8. A belief is rational when it corresponds to the evidence that is available. In other words, the rationality of a belief isn't dependent on what others believe, but on what evidence is available to support that belief. First, you're basing your question on a false assumption. Consensus of people is irrelevant to whether a belief is rational or not. The argument is the definition of rationality itself. ra·tion·al·i·ty the quality of being based on or in accordance with reason or logic. If beliefs are not in accordance with reason or logic, then they are not rational. How do you know a belief is in accordance with reason or logic? If there's a logical or reasonable argument for it. * If there's a logical/reasonable argument for X, then it is rational. * There's a reasonable/logical argument for X. ------------------------------------------------------------------------------------------------------------ Therefore, believing X is rational. Again, consensus of people is irrelevant.
  9. There are or there may be. But it's not up to you to determine what they are. If they're self-evident, then everyone agrees with them, atheists and theists. Acceptable premises don't need arguments, because whoever that is your audience already accepts it. Please read my posts carefully.
  10. An acceptable premise is one which audience, whoever you're trying to convince, agrees with or believes already. A self-evident premise is one that all parties agree with, and there is no disagreement about it. Please read my post carefully.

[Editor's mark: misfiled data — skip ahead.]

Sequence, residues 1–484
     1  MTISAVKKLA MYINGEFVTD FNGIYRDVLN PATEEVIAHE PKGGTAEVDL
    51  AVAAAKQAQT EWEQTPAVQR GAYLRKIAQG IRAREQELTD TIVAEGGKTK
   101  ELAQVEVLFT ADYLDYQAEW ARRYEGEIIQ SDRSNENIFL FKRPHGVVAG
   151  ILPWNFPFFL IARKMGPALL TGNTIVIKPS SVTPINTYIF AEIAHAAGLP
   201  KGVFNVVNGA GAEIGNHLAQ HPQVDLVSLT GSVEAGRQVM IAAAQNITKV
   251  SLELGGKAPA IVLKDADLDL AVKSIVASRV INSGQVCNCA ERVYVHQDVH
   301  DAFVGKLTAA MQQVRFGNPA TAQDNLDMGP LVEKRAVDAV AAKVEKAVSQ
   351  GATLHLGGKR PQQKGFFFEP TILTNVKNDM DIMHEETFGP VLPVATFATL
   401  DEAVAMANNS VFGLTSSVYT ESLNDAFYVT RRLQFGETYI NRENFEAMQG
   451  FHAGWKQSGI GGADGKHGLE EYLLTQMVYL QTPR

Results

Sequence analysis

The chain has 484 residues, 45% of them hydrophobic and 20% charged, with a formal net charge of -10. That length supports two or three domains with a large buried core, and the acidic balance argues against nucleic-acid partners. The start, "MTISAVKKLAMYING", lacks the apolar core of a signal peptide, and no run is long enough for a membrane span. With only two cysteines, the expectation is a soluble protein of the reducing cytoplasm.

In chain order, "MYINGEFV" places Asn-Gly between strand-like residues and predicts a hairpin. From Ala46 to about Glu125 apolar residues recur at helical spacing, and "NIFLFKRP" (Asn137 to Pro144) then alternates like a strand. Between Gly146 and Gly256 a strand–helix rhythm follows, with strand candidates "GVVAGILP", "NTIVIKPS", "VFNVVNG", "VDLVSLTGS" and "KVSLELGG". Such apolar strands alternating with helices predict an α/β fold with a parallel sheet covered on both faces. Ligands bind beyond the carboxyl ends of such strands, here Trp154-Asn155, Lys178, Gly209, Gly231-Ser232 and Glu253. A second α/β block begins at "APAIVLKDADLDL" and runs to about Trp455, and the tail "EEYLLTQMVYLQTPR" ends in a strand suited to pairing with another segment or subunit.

11. This isn't accurate. To argue for X, you can use premises that are acceptable or self-evident. Only if you employ unjustified premises to support a conclusion, then, of course, the premises need to be examine. This is precisely the point of logic and critical thinking; in-depth analysis of argument to determine their strength and/or validity. Firstly, Cartesian Foundationalism or any of its derivatives seek self-evident beliefs that can in turn be used as foundations for building arguments. Secondly, you cannot arbitrarily choose a stopping point and then pretend that your argument is rational, "but an atheist will never understand." The reason that the atheist disagrees is because at some point a premise is faith-based and irrational. Most atheists aren't stupid. If they see legitimate arguments where premises support the conclusion then they'll consider it. If where you stop is arbitrary, then it is not rational. You must justify your decision to stop at a specific premise. You cannot merely claim "ad infinitum" at an arbitrary place and assume that others must agree with you, and if they don't they're irrational. It is absolutely necessary for a belief to be based on an argument, if that belief is supposedly rational and not faith-based. This is obviously a huge problem or short-coming on your end. This is precisely why Descartes's Foundationalism doesn't work, because he takes certain beliefs to be self-evident and "obviously true," when others disagree about them and don't consider them self-evident. Plus your confidence in the existence of moral, logical, and metaphysical truths is confounding. There are and have been arguments that clearly rejects the existence of such truths. There's nothing self-evident about their existence, unless you rely on faith and hold them as unquestionable dogmas, which in turn makes belief in them faith-based and not rational. This statement has a hint of arrogance to it. Not only psychopaths deny the truths of morality. Highly intelligent contemporary and non-contemporary philosophers have denied their existence, too, and they were certainly not psychopaths. Unless you believe that whoever disagrees with what you see as self-evident is a psychopath. "but they're just wrong." Really? Is this a rational approach? You need to provide sufficient evidence or strong arguments to show how they're wrong. You can't just claim "they're just wrong." Arguments are absolutely necessary for rationality. A faith-based belief is a belief that is believed without a rational argument. When you have faith in X, you believe X is true regardless of arguments for or against it.